A disadvantage of the prior art circuits for power factor control is the necessity of identifying the zero crossings of voltage and current. In many instances the current in the AC motor is characterized by noise and other oscillations which may create multiple zero crossings each time current reverses. Such current variations are reflected onto the voltage waveform and can provide similar difficulty in identifying a true zero crossing. As a consequence, circuits for determining current and voltage zero crossings may be more complex than desired and increase the cost of implementing power factor controls.

SUMMARY OF THE INVENTION

The present invention is illustrated in a method of power factor control for a power regulation system connected for supplying electric power to a reactive load. The system includes a microcomputer for supplying gating signals to an electronic switching device such as a triac for controlling the conduction phase angle of the triac to control the application of alternating current (AC) electric power to the load. The method comprises monitoring of the waveform of the AC voltage applied to the load and determining for each of the half-cycles of the waveform a timed event when the absolute value of the magnitude of the waveform transitions through a reference magnitude.

A mid-point between each pair of the timed events is designated as a peak of the voltage waveform. The process is repeated for the AC current waveform and the corresponding peaks of the current waveform identified. The time delay between a designated peak of the voltage waveform and a designated peak of a corresponding half-cycle of the current waveform is representative of the power factor of power supplied to the load and the applied voltage is adjusted in a manner to bring the power factor towards unity, i.e., by reducing the measured time delay. The system also monitors peak values of the AC current and limits the power factor adjustment to prevent peak current values from falling below a selected minimum value so as to prevent motor stall or overheat. Typically, the adjusting process removes voltage from the load for a portion of each half-cycle of the AC voltage waveform either by gating the triac out of conduction at beginning or end of a half-cycle or by pulse width modulation.

BRIEF DESCRIPTION OF THE DRAWINGS

For a better understanding of the present invention, reference may be had to the following detailed description taken in conjunction with the accompanying drawings in which:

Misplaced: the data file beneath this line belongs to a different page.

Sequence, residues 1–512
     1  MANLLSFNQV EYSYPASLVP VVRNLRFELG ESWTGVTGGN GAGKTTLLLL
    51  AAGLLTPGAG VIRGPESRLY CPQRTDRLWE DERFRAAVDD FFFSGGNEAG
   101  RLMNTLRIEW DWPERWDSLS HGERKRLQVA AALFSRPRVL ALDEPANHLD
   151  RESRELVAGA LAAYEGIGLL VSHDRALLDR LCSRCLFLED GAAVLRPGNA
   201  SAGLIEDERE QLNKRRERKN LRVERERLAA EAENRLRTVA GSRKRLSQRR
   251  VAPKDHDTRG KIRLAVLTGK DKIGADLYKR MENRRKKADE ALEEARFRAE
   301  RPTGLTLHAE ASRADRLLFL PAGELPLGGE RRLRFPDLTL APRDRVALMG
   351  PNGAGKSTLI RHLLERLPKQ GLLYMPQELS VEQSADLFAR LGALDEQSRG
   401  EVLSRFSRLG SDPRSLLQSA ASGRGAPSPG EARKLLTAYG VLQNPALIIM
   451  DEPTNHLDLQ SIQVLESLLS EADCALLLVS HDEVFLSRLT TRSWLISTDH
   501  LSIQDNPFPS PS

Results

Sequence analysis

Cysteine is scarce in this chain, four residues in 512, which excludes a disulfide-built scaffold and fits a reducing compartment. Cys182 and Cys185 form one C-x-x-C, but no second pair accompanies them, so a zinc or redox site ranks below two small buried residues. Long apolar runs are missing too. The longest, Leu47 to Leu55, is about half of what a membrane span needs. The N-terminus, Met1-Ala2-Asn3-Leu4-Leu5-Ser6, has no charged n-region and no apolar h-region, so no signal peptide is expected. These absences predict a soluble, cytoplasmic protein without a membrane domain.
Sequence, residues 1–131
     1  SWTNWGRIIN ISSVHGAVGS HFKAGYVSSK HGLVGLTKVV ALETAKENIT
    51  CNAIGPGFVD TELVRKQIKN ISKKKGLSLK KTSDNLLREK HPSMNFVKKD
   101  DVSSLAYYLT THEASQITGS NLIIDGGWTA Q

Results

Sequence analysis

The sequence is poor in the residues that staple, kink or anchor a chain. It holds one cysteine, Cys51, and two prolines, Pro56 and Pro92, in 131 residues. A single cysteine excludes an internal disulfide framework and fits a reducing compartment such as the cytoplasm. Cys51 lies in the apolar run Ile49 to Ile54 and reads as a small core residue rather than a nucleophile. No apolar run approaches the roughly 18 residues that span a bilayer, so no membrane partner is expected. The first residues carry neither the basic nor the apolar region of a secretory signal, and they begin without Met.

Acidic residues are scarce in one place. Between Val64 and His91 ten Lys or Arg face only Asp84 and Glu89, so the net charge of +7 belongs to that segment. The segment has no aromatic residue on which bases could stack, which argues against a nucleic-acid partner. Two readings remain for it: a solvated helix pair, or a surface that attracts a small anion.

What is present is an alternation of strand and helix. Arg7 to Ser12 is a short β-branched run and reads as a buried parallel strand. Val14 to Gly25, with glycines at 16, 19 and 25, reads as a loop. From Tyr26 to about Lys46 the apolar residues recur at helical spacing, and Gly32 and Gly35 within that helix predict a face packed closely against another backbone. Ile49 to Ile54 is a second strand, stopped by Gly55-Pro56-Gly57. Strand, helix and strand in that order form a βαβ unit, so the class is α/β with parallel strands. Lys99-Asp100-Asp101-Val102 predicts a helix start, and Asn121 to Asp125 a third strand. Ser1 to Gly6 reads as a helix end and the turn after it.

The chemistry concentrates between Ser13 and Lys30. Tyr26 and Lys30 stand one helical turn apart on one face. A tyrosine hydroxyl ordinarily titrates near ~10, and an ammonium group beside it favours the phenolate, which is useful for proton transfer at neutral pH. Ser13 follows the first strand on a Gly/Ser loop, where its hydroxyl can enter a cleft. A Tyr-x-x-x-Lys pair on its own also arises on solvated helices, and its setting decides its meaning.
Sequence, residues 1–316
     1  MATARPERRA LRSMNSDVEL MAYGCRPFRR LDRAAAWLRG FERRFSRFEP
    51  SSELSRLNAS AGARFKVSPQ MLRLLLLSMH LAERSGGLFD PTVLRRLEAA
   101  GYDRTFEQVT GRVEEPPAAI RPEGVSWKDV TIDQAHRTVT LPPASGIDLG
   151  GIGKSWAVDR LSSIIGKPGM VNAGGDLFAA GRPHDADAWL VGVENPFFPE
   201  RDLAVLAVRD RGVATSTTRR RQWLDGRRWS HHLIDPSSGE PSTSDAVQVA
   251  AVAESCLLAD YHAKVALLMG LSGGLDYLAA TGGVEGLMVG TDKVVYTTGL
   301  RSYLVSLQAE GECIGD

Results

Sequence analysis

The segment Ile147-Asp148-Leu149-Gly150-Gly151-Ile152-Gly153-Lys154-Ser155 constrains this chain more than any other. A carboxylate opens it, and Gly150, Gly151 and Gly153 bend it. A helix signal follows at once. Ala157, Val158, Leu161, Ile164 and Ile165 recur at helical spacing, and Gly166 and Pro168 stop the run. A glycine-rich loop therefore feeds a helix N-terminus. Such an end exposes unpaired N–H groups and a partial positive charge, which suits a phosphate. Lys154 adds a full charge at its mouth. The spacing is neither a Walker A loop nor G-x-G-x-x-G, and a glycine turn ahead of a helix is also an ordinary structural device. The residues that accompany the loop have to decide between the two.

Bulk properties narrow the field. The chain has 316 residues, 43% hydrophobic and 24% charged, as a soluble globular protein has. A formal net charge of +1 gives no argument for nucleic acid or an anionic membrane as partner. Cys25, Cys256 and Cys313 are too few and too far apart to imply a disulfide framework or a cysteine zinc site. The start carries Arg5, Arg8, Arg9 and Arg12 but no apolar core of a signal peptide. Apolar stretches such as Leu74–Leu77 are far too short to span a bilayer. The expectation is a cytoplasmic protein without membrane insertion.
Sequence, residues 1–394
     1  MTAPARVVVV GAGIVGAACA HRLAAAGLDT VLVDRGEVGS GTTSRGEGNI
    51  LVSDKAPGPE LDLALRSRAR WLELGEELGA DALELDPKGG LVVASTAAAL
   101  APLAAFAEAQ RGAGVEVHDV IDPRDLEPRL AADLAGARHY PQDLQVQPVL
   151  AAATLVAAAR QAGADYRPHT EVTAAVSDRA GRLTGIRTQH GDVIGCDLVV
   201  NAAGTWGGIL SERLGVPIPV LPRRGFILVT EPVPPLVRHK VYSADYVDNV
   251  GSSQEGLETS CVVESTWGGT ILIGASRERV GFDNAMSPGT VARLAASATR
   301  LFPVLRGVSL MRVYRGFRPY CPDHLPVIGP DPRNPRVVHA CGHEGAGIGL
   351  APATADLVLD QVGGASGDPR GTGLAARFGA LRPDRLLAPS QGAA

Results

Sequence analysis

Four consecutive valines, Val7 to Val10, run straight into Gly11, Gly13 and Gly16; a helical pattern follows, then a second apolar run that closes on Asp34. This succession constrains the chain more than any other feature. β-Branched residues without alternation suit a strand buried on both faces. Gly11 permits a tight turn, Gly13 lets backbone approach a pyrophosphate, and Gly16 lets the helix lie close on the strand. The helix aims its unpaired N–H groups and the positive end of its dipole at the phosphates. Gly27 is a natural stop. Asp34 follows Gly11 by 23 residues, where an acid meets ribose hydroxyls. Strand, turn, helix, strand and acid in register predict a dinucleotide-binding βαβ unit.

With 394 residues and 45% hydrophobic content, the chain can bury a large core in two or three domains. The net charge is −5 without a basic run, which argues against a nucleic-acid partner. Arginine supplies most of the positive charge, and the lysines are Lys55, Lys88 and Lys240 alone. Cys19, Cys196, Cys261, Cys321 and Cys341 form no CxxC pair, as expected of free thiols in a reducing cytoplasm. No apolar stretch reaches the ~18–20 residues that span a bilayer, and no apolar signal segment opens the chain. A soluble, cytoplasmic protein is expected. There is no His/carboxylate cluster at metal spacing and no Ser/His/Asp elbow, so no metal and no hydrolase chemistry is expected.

FIG. 1 is a schematic representation of a power control circuit incorporating some of the teachings of the present invention;

FIG. 2 is a schematic representation of a power factor detection and control circuit for use with the circuit of FIG. 1;

FIG. 3 is a graph of voltage and current waveforms useful in explaining the operation of the circuits of FIGS. 1 and 2;

FIG. 4 is a graph of the voltage and current waveforms useful in explaining the operation of the circuits of FIGS. 1 and 2; and

FIG. 5 is a graph of the voltage and current waveform useful in explaining the operation of the circuits of FIGS. 1 and 2.

DETAILED DESCRIPTION OF THE INVENTION

FIG. 1 is a schematic representation of an alternating current (AC) power control circuit for supplying power to an AC load 10 which may be, for example, an AC induction motor. While the invention will be described in terms of a single-phase load 10, it will be apparent that the invention is equally applicable to multi-phase applications such as, for example, a three-phase AC motor. In the circuit of FIG. 1, AC power from an external AC source such as an AC utility power connection is applied to terminals 12 and 14 and coupled through a toroidal coil inductor 16 and series fuse 18 to a pair of AC power buses 20, 22. An over voltage protection device such as a metal oxide varistor (MOV) 24 is connected between the buses 20 and 22. The bus 20 is connected to the first terminal of the load 10 while the bus 22 is connected to a second terminal load 10 through a series electronic switching device such as a triac 26. The circuit also includes a current sensing resistor 28 connected in series with triac 26 in AC bus 22. As will be apparent, power is coupled to the motor 10 by gating the triac 26 into conduction thereby connecting the motor directly between the bus 20 and bus 22. Gating signals coupled through an optical isolator 30 controls the triac 26. The optical isolator 30 is a conventional isolator such as an MOC 3021 and serves to isolate the utility power circuit from the low voltage control electronics. One output terminal of the optical isolator 30 is coupled to the gate terminal of the triac 26 and the other terminal is connected to the load side of the triac 26 through a pair of serial resistors 32 and 34. A capacitor 36 is connected from a junction intermediate the resistors 32 and 34 to the opposite side of the triac 26. The combination of the capacitor 36 and resistor 34 forms a snubber circuit to eliminate transient noises produced by undercurrent or under load switching of the triac 26. The gating signals to the optical isolator 30 are supplied from the control logic circuitry illustrated in FIG. 2 through the connector 38. The power control circuit also includes a pair of serially connected resistors 40, 42 connected between the busses 20, 22 and forming a voltage divider to provide a voltage signal proportional to the AC load voltage applied to load 10. This load voltage signal is coupled through the connector 38 to the circuit of FIG. 2.